American Education System Failure

This morning whilst dabbling in some leisurely reading of international news sources, I came across a story that had a real impact on me. The story was published on the 21st of March on The Global Post , and was titled “Chicago may close 10% of elementary schools to address $1 billion education budget gap”. The title alone is enough to evoke emotions of anger, empathy and sadness at the thought of school children potentially losing their local schools, but after reading the content, I wasn’t sure what to think.

Chicago Public Schools, the country’s third-largest school district, has reported that nearly half of its 681 schools are under-enrolled, with 140 of them more than half empty”

On one hand, the story showed why the closure of the schools would be an advantageous move, saving  hundreds of thousands of dollars, and allowing many children to move from their underutilized, half empty schools with low enrollment rates, to better performing schools close to their home with greater resources available to them.

“For too long children in certain parts of Chicago have been cheated out of the resources they need to succeed”

On the other hand however, the story tells of the disastrous impacts it could have on children and the local areas.

After reading the story I was thinking ‘oh it doesn’t sound so bad’, the positives seemingly outweighing the negatives and providing a better education for those in under used schools. However, after some further research, I discovered the closings were predominantly in poor neighborhoods, where the children would have little to no other options of education if the local school was closed, exposing them to “gang violence and turf wars.”

I felt a little embarrassed that I was looking at the closures in an agreeable light…  To me it appears this story is written in a way as such to sway the public view of closures as more positive than negative. The writer of the story clearly had chosen a side in the fight and had reflected the biased they possessed in their writing of this article.

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– Dillyn유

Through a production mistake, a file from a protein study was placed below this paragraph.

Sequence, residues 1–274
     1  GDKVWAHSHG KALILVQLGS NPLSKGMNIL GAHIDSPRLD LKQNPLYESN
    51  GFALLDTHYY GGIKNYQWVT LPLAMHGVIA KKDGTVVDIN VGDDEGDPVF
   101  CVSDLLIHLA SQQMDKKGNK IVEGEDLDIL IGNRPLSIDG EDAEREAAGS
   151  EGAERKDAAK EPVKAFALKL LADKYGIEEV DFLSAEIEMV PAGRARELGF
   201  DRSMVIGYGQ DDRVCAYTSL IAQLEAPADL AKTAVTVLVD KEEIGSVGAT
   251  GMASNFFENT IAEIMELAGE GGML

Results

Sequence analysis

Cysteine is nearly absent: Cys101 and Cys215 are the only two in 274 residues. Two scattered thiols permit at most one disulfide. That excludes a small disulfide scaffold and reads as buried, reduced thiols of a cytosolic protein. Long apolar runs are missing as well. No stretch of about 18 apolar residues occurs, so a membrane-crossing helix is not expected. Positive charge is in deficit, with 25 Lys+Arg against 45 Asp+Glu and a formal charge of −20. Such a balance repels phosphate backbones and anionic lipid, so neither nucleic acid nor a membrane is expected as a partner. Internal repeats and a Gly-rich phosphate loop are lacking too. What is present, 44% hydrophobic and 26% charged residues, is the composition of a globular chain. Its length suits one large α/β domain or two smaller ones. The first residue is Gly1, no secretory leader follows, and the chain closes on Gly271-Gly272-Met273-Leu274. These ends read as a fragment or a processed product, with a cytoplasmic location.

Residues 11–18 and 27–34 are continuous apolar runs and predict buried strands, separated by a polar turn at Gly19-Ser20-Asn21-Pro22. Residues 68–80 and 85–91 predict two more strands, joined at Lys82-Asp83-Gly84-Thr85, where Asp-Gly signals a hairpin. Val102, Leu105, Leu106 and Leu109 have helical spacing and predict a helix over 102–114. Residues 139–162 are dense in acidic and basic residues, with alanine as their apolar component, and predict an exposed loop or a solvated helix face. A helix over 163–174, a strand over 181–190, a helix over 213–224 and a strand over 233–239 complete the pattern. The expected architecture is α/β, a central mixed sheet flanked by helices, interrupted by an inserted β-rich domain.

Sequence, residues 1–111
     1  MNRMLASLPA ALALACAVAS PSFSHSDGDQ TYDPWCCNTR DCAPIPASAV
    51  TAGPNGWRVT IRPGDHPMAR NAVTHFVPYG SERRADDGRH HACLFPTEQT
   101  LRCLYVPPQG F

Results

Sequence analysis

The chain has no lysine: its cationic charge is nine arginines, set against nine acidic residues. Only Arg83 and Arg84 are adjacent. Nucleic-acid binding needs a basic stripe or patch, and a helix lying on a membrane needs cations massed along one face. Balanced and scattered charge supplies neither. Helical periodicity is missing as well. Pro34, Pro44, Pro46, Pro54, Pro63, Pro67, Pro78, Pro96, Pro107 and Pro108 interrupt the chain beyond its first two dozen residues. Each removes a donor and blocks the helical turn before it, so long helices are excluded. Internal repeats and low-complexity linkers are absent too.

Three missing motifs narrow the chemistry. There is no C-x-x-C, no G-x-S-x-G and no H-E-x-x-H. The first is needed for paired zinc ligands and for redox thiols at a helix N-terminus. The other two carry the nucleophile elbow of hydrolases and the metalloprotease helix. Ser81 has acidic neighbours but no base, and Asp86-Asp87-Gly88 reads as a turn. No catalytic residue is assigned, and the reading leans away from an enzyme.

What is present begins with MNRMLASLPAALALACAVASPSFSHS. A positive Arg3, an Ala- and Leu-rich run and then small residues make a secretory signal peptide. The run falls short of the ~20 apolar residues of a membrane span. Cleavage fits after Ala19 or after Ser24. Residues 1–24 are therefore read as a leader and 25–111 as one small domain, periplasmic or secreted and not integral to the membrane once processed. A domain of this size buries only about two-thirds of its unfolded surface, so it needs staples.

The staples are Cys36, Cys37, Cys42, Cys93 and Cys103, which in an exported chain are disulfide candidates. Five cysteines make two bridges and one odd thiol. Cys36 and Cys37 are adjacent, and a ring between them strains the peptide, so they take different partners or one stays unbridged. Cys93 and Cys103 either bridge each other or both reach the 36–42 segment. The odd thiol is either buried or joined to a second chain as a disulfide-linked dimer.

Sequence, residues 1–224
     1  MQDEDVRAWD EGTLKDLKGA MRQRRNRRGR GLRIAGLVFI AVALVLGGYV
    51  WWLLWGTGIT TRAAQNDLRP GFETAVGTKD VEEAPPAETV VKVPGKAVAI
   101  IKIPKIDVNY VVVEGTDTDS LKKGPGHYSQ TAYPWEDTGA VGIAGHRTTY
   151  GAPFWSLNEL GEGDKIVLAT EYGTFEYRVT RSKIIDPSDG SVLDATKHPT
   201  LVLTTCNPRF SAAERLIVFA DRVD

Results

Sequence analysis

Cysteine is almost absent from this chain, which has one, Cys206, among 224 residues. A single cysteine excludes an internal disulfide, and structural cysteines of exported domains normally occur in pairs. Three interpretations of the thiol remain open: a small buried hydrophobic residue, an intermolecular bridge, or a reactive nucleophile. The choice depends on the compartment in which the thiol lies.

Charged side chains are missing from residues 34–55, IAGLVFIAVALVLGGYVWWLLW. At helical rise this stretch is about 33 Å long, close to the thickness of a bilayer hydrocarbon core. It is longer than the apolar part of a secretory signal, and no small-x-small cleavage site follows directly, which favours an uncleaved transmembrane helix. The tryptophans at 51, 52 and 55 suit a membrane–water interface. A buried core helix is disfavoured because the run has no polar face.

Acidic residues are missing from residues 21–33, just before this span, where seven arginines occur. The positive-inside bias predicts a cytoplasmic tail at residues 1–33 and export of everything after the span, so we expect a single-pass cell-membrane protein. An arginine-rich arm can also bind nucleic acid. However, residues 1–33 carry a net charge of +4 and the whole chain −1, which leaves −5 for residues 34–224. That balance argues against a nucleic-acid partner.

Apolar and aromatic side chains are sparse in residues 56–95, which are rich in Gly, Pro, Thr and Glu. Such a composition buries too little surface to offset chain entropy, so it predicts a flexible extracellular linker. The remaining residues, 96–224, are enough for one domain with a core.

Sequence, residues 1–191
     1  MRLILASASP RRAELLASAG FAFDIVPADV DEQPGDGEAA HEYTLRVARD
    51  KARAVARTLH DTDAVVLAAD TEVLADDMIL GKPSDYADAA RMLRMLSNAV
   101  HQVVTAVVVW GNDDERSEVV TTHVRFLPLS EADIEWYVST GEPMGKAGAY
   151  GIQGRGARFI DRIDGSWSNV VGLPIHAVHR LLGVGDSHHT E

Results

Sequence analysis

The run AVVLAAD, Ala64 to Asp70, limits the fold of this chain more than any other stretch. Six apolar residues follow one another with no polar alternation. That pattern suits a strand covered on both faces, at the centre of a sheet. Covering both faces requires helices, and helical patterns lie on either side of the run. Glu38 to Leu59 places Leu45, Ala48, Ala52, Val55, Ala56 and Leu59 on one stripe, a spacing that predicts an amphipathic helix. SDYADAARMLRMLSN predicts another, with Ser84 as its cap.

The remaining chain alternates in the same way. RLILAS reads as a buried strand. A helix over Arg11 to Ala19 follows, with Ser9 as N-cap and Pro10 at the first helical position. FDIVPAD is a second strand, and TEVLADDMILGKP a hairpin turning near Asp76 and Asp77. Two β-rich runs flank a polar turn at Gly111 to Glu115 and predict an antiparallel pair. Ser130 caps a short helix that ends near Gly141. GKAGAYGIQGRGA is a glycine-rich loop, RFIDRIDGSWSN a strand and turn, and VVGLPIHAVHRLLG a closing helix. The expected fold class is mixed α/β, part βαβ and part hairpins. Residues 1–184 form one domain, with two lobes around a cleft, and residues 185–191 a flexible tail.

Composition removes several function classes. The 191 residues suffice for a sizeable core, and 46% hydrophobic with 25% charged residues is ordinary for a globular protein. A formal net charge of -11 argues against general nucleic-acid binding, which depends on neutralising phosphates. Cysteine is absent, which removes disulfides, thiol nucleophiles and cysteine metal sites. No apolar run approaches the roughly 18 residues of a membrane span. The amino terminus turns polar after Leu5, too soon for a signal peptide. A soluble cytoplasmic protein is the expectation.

We Don’t Need No Education

Recently (in one of my Journalism tutorials) I came across a story that at first seemed very interesting and relevant. The title, “Fears over stressed children as how-to books race off the shelves” pulled me in, it was well written and quite effective in spiking my interest. However, after reading the story itself, I was annoyed and frankly a little confused. The story was written in the Sydney Morning Herald on March 18th 2013, and despite the important subject of stressed school children, the story sounded more like an advertisement, encouraging the use of how-to literacy and numeracy books, rather than stating the negative effects they may be having on said stress levels.

The title is misleading, pulling parents in thinking they might be able to help their young and (apparently) stressed kids, but with statements such as the following, it sounds to me as if parents are being conned into buying the “popular” books:

“The books differentiated from the competition by being ‘bright, non-threatening and including sticker rewards'”.

The image used even had an infomercial feel, showing the brightly coloured books in a nice light.


The facts were not backed up, there were no relevant studies mentioned or scientific proof of the claimed stress levels. Sure, it may be true that children are over-stressed (particularly in year 3 for the Naplan…), but how can the audience be expected to trust the writer when they have no real evidence and the story sounds more like an ad or a book promotion?

There was one bit of evidence (if you can call it that), the writer of the story pulling a quote from US president Barack Obama which has no relevance at all to stress in children:

”Recently, US President Obama said that children were in danger of finding learning boring.”

Um… what?

To conclude, the education subject matter of the story was not well covered. It was hardly an education news story at all, but an infomercial for some very popular how-to books.

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– Dillyn ✍

Timely Education

Education in the media is not as simple as it may seem: it isn’t just “kids learn this” or “kids learn  that”. Rather, news tends to explore education via multifaceted stories, which explain the issue through layers, tackling more than just one issue. For example, on March 20th 2013, the Sydney Morning Herald released a story entitled “Early Lunch Gives Kids an Energy Hit in Class”, which focused on the link between nutrition and attention to education.

“Schools such as St Therese have moved their lunch forward for an early kick of energy and to avoid children becoming distracted by a grumbling stomach.”

Instead of the standard “attention drops in class”, the Sydney Morning Herald explores why attention is dropping, and what certain schools have done to fix the issue.

“It was not only the body that became fatigued on an empty stomach but also the brain.”

The story uses external sources to explore the issue, as opposed to staying within the trouble area and just interviewing teachers or students. There were quotes from people such as Jenny O’Dea, a professor of nutrition education at the University of Sydney, which provide an informed and educated opinion to back up the school’s reasoning. The layered approach to education news provides a greater trust and interest in the story, using scientific evidence to back up claims, as well as opinions and observations from teachers  to add a personal touch.

The story also serves as a reminder for parents all over the country how important nutrition is for children, particularly with relation to their education.

Read more on the story at:

– Dillyn ✎